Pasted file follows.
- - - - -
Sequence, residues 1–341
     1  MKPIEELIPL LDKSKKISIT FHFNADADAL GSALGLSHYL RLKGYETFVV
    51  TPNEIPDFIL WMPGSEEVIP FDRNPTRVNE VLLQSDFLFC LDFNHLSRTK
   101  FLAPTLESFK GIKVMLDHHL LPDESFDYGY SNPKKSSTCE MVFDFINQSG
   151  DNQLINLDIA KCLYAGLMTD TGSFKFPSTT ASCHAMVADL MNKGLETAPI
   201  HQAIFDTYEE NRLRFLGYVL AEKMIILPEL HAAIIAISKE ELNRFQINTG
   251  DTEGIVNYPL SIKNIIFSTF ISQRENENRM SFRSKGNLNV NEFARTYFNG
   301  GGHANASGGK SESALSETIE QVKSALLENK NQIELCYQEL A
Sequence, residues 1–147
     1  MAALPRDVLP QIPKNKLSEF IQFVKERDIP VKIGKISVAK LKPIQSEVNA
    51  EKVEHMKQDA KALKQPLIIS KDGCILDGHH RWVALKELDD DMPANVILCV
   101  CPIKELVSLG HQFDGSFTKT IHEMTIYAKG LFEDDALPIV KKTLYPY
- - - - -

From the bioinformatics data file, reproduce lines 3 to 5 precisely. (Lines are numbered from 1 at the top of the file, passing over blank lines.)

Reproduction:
    51  TPNEIPDFIL WMPGSEEVIP FDRNPTRVNE VLLQSDFLFC LDFNHLSRTK
   101  FLAPTLESFK GIKVMLDHHL LPDESFDYGY SNPKKSSTCE MVFDFINQSG
   151  DNQLINLDIA KCLYAGLMTD TGSFKFPSTT ASCHAMVADL MNKGLETAPI